We get to see babies learn to sit-up, crawl, walk, and talk and as they turn into toddlers we get to help and see them become more and more independent. 

Another great thing about observing the children throughout the years is watching them form friendships. Children that once fought become friends, learn to play together, take turns, and let others join in. They figure out how to solve their own problems that arise during play and figure out how to entertain each other without toys.

Going into the woods is one of the children’s favorite and most popular things to do. They find things in nature to make part of their play. The children love to play with sticks and rocks, make lunch out of mud, leaves, grass and flowers, and climb trees. It’s really exciting to observe the fun and creative things that children play with in the woods by only using nature. The children like to use a log as a fishing boat catching big fish to eat, flying an airplane or riding a motorcycle- the log has many possibilities of what kinds of fun the children will have that day. With all the technology around today it is nice getting to see children enjoy nature.

A New Room by Sandra Schmidt

As I wait for my new suite to be completed, I have had the time to think about how well I do with transitions and change. Just when I think the move is imminent and I start to prepare myself for the new rhythm we will have in our new surroundings, a delay occurs that sets back our move-in date. It can be frazzling even for a grown-up. It has also made me examine how I am supporting the children in my care when there is a change. Songs help transitions -- from washing our hands to getting to the table for meals. A strong daily and weekly rhythm helps too.  With the new suite we talk about our future in the room. We've made visits to the room in various points during the construction and we have talked about how some things will remain the same -- yes, we will be taking our toys with us.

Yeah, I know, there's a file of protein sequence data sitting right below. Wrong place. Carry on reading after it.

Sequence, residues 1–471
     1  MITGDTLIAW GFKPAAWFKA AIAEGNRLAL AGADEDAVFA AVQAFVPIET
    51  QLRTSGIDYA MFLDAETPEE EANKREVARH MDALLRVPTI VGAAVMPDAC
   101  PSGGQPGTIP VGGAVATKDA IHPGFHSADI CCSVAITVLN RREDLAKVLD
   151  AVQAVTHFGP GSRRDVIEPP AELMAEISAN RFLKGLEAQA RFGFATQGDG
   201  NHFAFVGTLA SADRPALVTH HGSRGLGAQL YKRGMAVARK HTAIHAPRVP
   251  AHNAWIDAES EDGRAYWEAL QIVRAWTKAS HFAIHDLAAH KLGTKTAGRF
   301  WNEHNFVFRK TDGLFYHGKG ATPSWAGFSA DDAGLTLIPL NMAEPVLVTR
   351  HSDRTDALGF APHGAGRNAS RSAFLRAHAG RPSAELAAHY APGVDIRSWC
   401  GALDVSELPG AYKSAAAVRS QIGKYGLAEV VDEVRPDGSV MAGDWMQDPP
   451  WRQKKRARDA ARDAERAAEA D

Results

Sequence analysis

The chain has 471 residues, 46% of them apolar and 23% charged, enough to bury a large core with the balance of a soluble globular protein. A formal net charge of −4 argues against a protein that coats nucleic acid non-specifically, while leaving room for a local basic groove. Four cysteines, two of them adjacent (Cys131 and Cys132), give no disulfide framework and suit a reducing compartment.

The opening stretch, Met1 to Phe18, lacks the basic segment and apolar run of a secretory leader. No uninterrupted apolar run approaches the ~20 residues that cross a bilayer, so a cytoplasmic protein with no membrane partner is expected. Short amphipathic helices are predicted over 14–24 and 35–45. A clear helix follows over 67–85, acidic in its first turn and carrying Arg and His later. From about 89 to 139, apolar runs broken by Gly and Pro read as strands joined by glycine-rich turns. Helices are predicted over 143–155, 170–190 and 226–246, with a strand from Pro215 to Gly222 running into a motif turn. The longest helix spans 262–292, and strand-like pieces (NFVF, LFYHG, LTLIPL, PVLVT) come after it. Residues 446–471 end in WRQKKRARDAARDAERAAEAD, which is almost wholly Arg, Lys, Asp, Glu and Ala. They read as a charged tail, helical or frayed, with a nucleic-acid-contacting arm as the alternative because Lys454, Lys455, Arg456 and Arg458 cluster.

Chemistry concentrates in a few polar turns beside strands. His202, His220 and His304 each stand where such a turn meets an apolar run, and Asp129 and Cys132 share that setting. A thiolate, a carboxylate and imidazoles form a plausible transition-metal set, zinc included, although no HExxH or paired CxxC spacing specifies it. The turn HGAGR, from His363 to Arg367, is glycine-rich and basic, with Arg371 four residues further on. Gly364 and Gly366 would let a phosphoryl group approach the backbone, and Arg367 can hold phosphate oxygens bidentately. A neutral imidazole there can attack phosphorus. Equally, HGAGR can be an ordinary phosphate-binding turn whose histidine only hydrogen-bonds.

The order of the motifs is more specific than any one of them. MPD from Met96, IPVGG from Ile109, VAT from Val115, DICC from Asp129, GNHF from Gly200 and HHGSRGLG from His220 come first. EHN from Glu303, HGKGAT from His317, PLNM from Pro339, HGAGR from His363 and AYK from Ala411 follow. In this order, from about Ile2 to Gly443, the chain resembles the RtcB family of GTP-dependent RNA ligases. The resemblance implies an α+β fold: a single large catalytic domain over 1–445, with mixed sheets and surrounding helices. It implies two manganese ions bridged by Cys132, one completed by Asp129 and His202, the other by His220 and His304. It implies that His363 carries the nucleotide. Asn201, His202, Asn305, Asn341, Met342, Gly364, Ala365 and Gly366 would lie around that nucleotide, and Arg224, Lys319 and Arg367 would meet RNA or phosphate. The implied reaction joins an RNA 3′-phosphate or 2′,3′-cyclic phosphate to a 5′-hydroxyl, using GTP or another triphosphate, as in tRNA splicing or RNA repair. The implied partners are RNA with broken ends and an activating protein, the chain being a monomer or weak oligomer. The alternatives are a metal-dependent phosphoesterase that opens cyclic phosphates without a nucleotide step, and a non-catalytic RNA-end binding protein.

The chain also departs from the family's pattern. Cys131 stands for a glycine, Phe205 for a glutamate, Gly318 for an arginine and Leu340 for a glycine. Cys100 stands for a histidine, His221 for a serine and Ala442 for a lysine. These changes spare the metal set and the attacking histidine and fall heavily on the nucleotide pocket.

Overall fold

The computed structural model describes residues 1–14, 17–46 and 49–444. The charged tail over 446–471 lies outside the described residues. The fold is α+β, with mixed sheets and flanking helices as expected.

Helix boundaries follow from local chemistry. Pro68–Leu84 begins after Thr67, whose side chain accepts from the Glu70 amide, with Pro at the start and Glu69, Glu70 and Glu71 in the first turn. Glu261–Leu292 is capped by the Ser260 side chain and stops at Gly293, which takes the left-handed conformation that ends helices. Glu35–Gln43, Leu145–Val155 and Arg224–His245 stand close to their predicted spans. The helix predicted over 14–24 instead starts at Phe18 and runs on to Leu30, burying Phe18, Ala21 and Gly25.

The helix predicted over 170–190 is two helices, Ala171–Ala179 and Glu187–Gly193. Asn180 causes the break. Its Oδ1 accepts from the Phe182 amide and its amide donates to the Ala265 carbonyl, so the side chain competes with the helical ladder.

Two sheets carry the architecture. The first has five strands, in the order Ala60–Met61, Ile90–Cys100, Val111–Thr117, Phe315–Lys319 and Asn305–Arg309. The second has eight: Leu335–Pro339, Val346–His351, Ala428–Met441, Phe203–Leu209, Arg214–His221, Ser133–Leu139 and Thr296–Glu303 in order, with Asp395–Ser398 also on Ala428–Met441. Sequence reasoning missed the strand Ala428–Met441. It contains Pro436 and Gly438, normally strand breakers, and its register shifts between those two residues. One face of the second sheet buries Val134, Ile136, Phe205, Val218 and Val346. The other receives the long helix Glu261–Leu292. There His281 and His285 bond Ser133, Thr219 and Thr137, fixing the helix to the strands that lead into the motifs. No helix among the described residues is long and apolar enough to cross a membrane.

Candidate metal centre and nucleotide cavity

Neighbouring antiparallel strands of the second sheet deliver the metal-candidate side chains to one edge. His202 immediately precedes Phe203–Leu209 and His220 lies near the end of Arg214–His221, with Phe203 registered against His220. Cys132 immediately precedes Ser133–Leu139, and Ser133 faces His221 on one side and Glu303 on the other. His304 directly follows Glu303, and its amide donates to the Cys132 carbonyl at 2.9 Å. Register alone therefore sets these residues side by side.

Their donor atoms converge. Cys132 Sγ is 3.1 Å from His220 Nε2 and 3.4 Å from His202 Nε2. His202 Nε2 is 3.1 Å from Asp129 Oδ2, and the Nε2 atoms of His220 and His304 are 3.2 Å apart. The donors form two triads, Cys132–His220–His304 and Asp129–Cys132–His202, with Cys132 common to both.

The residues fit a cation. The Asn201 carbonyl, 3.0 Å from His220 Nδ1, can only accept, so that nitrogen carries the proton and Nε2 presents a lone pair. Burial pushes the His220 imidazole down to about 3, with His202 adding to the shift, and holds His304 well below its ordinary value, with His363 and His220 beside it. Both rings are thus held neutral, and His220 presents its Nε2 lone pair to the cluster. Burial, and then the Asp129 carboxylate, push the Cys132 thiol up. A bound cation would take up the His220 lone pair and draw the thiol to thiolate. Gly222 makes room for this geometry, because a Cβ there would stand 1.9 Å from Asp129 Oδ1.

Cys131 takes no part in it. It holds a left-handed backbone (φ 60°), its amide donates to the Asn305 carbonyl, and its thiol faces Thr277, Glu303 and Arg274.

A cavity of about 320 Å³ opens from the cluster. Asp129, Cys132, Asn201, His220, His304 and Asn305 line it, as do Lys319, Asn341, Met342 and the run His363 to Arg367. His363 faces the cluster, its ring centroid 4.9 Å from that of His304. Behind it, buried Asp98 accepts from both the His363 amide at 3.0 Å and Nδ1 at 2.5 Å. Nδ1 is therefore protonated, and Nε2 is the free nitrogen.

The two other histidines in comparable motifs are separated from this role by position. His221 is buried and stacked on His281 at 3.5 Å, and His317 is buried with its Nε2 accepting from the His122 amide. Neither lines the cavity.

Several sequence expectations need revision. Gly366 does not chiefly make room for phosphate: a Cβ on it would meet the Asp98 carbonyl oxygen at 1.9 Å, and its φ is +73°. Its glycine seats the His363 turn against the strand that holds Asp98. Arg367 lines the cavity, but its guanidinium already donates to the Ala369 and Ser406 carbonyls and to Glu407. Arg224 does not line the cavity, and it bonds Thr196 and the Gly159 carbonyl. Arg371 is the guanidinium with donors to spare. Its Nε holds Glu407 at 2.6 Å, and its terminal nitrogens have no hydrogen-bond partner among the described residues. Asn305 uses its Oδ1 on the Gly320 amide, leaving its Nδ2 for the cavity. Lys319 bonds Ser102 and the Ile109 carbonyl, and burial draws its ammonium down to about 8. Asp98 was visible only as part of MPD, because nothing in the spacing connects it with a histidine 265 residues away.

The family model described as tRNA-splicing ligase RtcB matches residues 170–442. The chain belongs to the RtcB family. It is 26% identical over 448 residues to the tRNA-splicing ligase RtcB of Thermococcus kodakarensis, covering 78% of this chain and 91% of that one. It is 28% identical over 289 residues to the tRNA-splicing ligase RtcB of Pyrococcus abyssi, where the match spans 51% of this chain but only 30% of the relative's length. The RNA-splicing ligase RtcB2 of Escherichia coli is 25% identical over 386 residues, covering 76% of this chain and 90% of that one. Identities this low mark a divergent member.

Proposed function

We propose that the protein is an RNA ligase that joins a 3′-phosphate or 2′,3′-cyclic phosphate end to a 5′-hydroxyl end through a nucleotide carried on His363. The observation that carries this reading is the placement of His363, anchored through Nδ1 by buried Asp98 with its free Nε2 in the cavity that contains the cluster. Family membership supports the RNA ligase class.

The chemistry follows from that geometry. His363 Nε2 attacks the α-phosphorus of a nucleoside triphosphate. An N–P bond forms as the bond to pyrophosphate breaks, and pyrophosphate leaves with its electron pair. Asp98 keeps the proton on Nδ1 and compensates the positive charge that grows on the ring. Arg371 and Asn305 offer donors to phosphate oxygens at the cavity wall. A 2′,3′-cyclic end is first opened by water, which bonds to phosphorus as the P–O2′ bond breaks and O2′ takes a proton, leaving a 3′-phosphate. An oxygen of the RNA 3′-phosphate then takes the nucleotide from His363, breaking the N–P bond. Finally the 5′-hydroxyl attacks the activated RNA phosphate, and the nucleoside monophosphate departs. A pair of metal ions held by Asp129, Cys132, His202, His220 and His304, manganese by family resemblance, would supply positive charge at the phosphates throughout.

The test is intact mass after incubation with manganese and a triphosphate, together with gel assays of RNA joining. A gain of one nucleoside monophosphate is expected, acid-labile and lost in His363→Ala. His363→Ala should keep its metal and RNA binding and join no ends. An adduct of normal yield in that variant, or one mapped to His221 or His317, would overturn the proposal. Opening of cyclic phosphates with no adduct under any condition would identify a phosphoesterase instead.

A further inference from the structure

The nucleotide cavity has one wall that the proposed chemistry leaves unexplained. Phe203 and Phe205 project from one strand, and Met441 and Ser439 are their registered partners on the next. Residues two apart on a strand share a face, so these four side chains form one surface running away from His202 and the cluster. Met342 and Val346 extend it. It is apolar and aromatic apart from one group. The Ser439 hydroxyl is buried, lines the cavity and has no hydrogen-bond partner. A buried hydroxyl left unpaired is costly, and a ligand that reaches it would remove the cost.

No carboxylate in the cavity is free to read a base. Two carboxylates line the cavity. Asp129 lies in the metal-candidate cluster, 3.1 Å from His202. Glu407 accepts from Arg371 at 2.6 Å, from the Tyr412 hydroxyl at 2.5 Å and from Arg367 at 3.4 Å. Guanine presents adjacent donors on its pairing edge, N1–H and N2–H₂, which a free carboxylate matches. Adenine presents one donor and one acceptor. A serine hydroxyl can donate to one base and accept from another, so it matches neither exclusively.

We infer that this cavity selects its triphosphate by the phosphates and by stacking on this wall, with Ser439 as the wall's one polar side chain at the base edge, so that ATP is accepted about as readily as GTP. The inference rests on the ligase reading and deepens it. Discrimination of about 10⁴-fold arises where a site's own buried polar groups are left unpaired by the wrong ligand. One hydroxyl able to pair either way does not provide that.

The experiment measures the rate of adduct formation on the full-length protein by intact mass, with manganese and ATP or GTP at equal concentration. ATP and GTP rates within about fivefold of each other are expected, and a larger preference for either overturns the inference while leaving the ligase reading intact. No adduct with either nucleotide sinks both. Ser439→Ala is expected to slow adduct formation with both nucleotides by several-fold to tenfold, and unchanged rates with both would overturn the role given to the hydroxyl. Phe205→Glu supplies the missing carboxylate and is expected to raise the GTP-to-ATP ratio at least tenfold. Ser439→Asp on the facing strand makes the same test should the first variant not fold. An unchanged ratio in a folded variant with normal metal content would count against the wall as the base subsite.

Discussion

Recently two of the older girls in my suite were talking about kindergarten and how they would go to different schools. They wondered if they would they still continue to be friends and see each other now that their time at LifeWays was ending (yes we have serious talks like this over lunch).  After some pondering and discussion between the girls, I pointed out that they live in the same neighborhood and there would be opportunities to see one another after they left LifeWays. The meal ended with the girls being able to see a possible future that was different, yet it was a future where they could remain friends. They needed to express their concerns about the big change that was coming at the end of the summer. They needed me to listen and acknowledge their concerns. Changes big and small are part of life and how we help each other during times of change is what makes human.

Change by Tamara Treviranus

This spring has brought some changes in terms of our teachers and administrators. However, amazingly, everything feels very much the same as it always has at LifeWays. The rhythm of each day and the cyclical rhythms of the seasons provide us all, especially the children, with security.

Several years ago, when my now teenage daughter attended LifeWays, she was lucky to be one of the first forest kindergarteners. One spring day, probably about this time of year, I picked her up as usual after lunch.   She wanted me to take a walk in the woods with her.  I felt that it really was time to go home and take a nap.  Her persistence and sincere desire to show me the forest won out and off we went down the path surrounded by small blue flowers to the river.

My three year old daughter led me on a hike all the way to the troll bridge and showed me what amazing, magical sounds a stick made when dragging it across the metal bars. She showed me where the fairies and gnomes hide and how to make proper hot “lockichaw” with a stick, stirring contentedly at the edge of the river.  I was astounded that making “hot lockichaw” was an enjoyable activity for 45 minutes for a three year old.  Keeping a three year old busy at home by myself was never so laid back.  Needless to say we began taking more frequent trips to the river for some peaceful enjoyment together.